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A Major Bank Finally Drops 5-year Fixed Rates

At long last a Big 6 bank has cut its advertised 5-year fixed rate.

RBC set the trend today in lowering its “special offer” 5-year fixed rate by 15 basis points, from 3.89% to 3.74%. (See: RBC mortgage rates)

It only took a month and a half after five-year bond yields fell enough to warrant a rate cut. (Bond yields typically guide fixed-rate pricing.)

Expect other big banks to follow suit soon and shave some of their advertised fixed rates. In fact, some of them already have but only internally (i.e., by slightly lowering the non-public minimum “floor rates” that their mortgage reps can sell at).

The bank herd should now settle somewhere around 3.64% in coming days on 5-year fixed discretionary rates.


Borrowers have been cursing the banks for weeks, waiting for one of them to pass through their lower funding costs to consumers. But bank competitors, like MCAP/RMG, XMC Mortgage, First National, Vancity and other credit unions, haven’t made borrowers wait. They cut rates weeks ago in some cases.

So far, it’s been mostly 5-year fixed rates that have dropped. Short-term fixed rates have remained stubbornly high, despite falling 1- and 2-year money market rates (as shown in this chart). That’s left 5-year terms, and perhaps the 3-year as well, as the only reasonably priced mortgage terms in Canada.

That’s Not All

RBC’s 5-fixed rate drop wasn’t the only big move Canada’s #1 lender made today. It also jacked up its variable rates a hefty 25 bps.

RBC Mortgage RatesThe bank’s 5-year variable leapt from 3.30% to 3.55% this morning, which will come as a surprise to most people. People expect variable rates to rise only when the Bank of Canada hikes rates. But that’s not always the way it works.

In this case, the bank cut its discount to prime rate, as opposed to raising its prime rate. So this only affects new variable-rate borrowers, not RBC’s existing customers.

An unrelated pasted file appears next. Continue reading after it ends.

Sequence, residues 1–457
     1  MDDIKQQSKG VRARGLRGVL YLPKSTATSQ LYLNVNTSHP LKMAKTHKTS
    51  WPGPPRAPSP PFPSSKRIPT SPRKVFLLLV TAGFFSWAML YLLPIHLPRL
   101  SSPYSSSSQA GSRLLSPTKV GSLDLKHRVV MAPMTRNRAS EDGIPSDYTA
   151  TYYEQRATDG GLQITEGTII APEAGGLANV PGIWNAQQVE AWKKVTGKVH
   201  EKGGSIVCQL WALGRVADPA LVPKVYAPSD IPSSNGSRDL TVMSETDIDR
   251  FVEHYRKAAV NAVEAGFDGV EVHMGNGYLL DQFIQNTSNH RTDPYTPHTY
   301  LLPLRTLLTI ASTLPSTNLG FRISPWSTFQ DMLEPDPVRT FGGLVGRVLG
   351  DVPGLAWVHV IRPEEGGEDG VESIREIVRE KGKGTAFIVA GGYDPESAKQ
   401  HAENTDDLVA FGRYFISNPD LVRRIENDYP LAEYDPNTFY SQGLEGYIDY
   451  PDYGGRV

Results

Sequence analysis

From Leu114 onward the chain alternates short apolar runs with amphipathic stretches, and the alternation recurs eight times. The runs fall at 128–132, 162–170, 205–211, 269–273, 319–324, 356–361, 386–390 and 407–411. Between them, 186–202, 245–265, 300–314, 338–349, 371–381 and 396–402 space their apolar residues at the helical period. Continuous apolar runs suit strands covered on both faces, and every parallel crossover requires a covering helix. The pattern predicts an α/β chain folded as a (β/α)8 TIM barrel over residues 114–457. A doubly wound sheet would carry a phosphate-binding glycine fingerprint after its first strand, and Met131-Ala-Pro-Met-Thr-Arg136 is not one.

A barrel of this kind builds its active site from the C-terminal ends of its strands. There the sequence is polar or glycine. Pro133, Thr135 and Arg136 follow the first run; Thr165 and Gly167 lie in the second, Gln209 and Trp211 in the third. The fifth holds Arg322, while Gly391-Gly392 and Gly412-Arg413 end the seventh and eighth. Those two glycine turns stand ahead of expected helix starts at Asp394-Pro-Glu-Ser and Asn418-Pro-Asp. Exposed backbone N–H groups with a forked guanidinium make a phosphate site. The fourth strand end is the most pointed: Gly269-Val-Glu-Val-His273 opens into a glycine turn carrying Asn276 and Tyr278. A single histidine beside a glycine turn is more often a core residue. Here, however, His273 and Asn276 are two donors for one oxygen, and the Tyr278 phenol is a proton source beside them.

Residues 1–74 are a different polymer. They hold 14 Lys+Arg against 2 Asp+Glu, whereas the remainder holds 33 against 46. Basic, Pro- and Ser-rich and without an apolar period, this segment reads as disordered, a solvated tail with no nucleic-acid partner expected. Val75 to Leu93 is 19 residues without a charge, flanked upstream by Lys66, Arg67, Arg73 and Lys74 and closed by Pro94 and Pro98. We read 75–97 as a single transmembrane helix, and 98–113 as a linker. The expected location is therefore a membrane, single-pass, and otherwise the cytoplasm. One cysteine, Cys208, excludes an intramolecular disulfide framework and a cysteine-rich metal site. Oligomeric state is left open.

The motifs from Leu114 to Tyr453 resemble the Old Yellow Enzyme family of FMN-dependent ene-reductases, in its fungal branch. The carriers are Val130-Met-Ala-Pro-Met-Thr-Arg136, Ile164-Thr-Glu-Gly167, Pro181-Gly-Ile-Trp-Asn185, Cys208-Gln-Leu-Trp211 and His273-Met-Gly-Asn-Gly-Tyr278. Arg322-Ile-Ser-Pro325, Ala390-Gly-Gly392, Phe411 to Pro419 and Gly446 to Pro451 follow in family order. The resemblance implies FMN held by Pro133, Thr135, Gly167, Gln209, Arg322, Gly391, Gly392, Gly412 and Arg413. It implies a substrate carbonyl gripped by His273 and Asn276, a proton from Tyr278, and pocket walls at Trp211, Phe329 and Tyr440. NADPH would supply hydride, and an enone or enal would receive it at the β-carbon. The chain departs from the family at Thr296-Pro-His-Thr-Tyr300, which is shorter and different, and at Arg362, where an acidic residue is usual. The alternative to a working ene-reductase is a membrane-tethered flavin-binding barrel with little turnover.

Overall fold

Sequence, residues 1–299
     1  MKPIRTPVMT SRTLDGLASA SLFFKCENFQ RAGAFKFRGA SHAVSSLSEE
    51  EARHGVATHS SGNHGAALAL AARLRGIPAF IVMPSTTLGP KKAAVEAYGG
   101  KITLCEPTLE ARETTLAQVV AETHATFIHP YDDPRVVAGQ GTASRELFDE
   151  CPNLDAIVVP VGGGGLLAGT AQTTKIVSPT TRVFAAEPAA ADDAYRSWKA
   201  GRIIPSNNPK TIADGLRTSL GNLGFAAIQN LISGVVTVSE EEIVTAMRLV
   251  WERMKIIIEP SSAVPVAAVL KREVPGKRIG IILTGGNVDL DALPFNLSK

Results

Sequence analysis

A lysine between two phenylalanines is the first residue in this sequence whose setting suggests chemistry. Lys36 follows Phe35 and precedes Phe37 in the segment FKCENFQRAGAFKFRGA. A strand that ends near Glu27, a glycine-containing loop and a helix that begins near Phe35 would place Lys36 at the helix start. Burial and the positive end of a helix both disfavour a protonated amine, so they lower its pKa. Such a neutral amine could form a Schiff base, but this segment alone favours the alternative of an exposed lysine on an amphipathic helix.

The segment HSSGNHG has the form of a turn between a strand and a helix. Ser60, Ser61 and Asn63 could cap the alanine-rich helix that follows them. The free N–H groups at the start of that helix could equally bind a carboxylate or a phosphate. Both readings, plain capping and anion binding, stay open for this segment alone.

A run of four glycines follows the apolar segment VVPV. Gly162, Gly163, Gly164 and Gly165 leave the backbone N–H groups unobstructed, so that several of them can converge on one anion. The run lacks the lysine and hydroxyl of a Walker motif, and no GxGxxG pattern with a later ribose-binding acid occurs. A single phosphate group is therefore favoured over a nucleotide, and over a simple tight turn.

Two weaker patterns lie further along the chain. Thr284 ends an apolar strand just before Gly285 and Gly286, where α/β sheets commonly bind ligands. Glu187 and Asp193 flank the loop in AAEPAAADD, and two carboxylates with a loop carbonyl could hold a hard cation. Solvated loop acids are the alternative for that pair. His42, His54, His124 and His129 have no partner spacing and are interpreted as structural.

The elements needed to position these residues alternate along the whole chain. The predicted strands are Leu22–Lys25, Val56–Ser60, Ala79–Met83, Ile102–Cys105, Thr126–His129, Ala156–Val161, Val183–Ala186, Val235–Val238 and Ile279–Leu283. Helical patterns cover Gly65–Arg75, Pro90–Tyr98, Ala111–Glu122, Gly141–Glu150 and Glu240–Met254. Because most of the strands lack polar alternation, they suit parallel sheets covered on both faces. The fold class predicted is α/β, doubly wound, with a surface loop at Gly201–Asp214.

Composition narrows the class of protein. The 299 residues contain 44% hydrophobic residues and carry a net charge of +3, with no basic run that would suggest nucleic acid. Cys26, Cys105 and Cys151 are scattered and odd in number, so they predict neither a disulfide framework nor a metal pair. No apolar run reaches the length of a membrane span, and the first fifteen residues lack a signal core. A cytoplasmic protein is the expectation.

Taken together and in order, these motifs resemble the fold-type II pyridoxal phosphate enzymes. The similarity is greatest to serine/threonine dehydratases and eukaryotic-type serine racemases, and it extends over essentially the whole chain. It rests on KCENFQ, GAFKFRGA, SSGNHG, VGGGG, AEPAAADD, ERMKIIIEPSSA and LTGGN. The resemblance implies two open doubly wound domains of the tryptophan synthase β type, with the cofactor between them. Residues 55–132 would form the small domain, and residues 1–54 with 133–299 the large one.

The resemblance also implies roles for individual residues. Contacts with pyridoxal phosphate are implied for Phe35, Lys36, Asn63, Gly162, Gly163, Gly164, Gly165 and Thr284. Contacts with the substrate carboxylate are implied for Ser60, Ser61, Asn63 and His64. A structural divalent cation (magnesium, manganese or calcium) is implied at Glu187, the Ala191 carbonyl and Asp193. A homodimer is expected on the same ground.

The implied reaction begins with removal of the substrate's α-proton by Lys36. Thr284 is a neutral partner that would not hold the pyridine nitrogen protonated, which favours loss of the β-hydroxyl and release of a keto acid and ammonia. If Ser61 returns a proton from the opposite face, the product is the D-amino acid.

This size of move, in one single shot, is somewhat rare. The bank is clearly making a statement about where it sees the trend in variable pricing.

We won’t reiterate for the umpteenth time why variable-rate discounts are dwindling, but click that link if you’re interested in the backstory. It’s also worth noting that RBC’s move comes after its CEO recently pledged to “do better” on its domestic mortgage margins.

Spread Implications

Based on typical big bank 5-year rates, the fixed-variable spread has now plunged from 104 bps in November to just 35 bps today. That’s going to make a whole lot more people question the attractiveness of variables. And that plays right into lenders’ hands as 5-year fixed rates are now materially more profitable for big banks given current funding costs and projected forward rates.

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  • tim sears says:

    did RBC raise their prime rate or just reduce the discount on their VRMs?

  • marie illerbrun says:

    basically aren’t they all cutting their discounts on variables so people lock into fixed rate mortgages which are more profitable for the big 6. not very consumer friendly are they?

  • Mike says:

    Marie: Now do you really think banks would stoop to steering customers to a more profitable product?

  • Born Skeptic says:

    You mean to tell us the big banks would willingly hold off on passing rate savings along to the consumer, so they could pad their own multi-billion dollar incomes? Surely you jest! 🙂

  • David says:

    Why the bank bashing (other than it’s a broker crowd). The article speaks about bank competitors having already lowered. If consumers on new loans are choosing higher bank rates over lower rates from other lenders that use brokers, that’s just the market and consumer choice. Why would brokers complain when banks that don’t use brokers charge higher rates than nonbank lenders that rely on brokers? Not very intuitive. Doesn’t that practice help drive more business to brokers??

  • Ace2000 says:

    I couldn’t care less about brokers or banks but would like to know why anyone would pay more for a bank mortgage. What is the point?

  • Clinton Rezeki says:

    HSBC is now offering 5, 7, 10 years fixed rate closed at 3.54%. Why would they have the same fixed rate at these 3 duration?

  • Clinton Rezeki says:

    I’m trying to get pre-approved with them and they emailed me the rate.

    1 Year Fixed Closed: 3.29%

    2 Year Fixed Closed: 3.34%

    3 Year Fixed Closed: 3.44%

    4 Year Fixed Closed: 3.39%

    5 Year Fixed Closed: 3.54%

    7 Year Fixed Closed: 3.54%

    10 Year Fixed Closed: 3.54%

    Any insights on it?

    • The Spy says:

      It is currently Canada’s lowest 10yr rate and it’s a limited unpublished offer. A ten year term at that rate is suitable for some risk averse borrowers who don’t plan any mortgage changes before five years, but not for most borrowers.

  • MG says:

    I have to renew my mortgage this year and I’m thinking of buying a new-build as well. I can only hope that the rates go lower and lower!

    I wrote a blog page about buying new homes in Edmonton, it has a ton of financing tips for new home purchasers. (Note, it’s for a school web project!)

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